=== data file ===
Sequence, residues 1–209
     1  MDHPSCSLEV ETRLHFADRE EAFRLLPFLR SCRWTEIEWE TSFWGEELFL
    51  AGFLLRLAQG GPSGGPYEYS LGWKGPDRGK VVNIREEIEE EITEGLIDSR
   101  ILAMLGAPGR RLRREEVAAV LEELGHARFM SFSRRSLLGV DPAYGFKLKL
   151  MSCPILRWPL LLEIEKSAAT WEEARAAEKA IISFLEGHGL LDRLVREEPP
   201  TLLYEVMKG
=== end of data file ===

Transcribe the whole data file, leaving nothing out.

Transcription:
Sequence, residues 1–209
     1  MDHPSCSLEV ETRLHFADRE EAFRLLPFLR SCRWTEIEWE TSFWGEELFL
    51  AGFLLRLAQG GPSGGPYEYS LGWKGPDRGK VVNIREEIEE EITEGLIDSR
   101  ILAMLGAPGR RLRREEVAAV LEELGHARFM SFSRRSLLGV DPAYGFKLKL
   151  MSCPILRWPL LLEIEKSAAT WEEARAAEKA IISFLEGHGL LDRLVREEPP
   201  TLLYEVMKG